Addiction & America's Future

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MID-MICHIGAN (WJRT) - As the heroin epidemic grows in Mid-Michigan, more and more police, firefighters and emergency responders are carrying around a life-saving drug.

Naloxone, a.k.a. NARCAN, can reverse the effects of an opioid overdose in minutes...and even seconds.

"What it does is it reverses the signs and symptoms of someone that has overdosed on heroin or any kind of opiate-based prescription medication," said Capt. Mike Royer with the Bangor Township Fire Department.

Heroin and other opioid use is becoming a rapidly increasing problem across the country. In May, the Bay County Health Officer told ABC12 this county saw 27 deaths related to heroin and other opioids in 2015. According to data from the Michigan Department of Health and Human Services, Bay County had just seven in 2014.

All firefighters in Bangor Township are trained to administer NARCAN. Royer says a state mandate required all fire departments to have it in October. Since then, Bangor Township firefighters have used NARCAN seven times.

The Lapeer County Sheriff's Office acquired NARCAN three months ago. Sheriff Ron Kalanquin says all of his deputies are trained to administer, but none have had to yet.

The department pays for the NARCAN through drug forfeiture money, but even without that money, Sheriff Kalanquin says he'd fight to have NARCAN in his vehicles.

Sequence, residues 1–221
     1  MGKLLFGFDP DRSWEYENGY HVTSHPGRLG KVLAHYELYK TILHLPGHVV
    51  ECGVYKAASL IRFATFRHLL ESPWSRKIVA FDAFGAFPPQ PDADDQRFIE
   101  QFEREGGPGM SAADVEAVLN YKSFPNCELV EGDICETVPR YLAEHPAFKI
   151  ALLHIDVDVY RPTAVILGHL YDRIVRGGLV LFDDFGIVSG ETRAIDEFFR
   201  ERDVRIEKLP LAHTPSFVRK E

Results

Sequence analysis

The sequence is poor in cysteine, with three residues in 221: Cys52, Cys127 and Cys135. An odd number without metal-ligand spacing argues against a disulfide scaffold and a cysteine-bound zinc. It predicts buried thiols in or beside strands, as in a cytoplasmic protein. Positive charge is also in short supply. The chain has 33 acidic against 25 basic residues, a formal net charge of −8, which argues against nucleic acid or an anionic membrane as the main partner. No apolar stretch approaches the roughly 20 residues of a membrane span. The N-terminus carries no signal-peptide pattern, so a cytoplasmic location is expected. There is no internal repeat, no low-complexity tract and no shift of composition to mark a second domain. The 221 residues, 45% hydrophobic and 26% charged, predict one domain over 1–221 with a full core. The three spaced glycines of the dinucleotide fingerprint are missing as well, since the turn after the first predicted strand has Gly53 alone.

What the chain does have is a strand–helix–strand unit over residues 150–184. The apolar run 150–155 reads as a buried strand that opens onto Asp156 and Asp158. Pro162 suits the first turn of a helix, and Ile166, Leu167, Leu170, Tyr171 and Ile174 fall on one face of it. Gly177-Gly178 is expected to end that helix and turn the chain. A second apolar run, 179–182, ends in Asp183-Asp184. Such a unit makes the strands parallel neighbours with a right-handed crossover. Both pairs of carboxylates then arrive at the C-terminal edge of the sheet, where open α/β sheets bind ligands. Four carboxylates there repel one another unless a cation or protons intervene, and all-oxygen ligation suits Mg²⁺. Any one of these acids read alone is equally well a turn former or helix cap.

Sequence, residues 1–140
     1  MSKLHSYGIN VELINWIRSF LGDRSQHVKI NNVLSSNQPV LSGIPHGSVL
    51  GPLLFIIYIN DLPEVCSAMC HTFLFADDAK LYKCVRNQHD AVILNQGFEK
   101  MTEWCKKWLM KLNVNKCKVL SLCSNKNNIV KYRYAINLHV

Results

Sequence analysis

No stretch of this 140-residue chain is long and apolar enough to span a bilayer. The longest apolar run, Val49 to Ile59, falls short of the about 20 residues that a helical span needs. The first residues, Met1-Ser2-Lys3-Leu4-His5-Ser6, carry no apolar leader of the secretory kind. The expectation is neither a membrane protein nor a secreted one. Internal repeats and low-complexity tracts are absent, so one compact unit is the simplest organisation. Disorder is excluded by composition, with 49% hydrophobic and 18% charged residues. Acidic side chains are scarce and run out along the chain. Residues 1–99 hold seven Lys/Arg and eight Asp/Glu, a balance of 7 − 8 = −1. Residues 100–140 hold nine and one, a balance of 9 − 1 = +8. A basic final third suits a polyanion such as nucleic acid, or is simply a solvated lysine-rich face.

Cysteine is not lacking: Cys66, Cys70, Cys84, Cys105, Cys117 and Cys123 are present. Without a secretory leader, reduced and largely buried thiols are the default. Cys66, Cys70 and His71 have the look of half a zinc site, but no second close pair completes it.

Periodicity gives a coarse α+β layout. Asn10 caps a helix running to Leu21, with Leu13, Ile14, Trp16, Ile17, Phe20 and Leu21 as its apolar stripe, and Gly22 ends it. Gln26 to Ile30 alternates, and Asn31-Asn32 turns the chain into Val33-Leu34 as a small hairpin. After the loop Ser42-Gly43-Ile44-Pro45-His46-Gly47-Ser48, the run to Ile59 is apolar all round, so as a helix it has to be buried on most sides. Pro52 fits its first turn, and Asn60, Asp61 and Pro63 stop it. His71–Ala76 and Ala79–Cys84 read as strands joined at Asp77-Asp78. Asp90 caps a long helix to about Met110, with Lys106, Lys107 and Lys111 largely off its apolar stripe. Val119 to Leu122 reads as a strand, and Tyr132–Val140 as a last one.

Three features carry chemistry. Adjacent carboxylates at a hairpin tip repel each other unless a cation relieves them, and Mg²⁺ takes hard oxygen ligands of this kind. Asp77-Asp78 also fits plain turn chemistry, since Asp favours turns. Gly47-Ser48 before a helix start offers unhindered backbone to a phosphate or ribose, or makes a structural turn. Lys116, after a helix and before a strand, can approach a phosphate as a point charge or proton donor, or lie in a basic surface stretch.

"It's worth it. It's nice to have drug forfeiture money because that way the county taxpayer dollars aren't involved, but of course, I would go lobby for it [regardless]," he said. "This should be part of your first aid kit."

Sheriff's departments in Genesee, Bay, Midland and Lapeer counties all carry NARCAN. Tuscola County is wrapping up the training needed to use it. Saginaw County Sheriff Bill Federspiel tells ABC12 his department is looking for funding for that training. All join the growing number of police departments carrying NARCAN in response to the epidemic of heroin and opioid addictions.

According to the CDC, the number of opioid-related deaths in the U.S. quadrupled between 1999 and 2014.

Travis Chapin, 30, ended up in the Lapeer County Jail because of his drug addiction nearly two years ago. He's been smoking marijuana since age 11 and first tried heroin at age 15. Today, he's been sober almost a year, thanks to recovery programs he joined while behind bars. Chapin says these programs may be the key to battling America's addiction problem.

"I wish every jail could be like Lapeer County Jail. They just offer a wide variety of programs that help people instead of just locking people up and forgetting about them," he said. "My life's on track and I'm doing good things now."

As for stopping the heroin epidemic altogether, Chapin believes it's too easy for people to get their hands on highly-addictive prescription drugs. When those drugs are taken away, he says people look to drugs like heroin and other opioids.

The Michigan Department of Health and Human Services breaks down the number of heroin and opioid deaths by county. For information on your county, click under 'Related Documents'.

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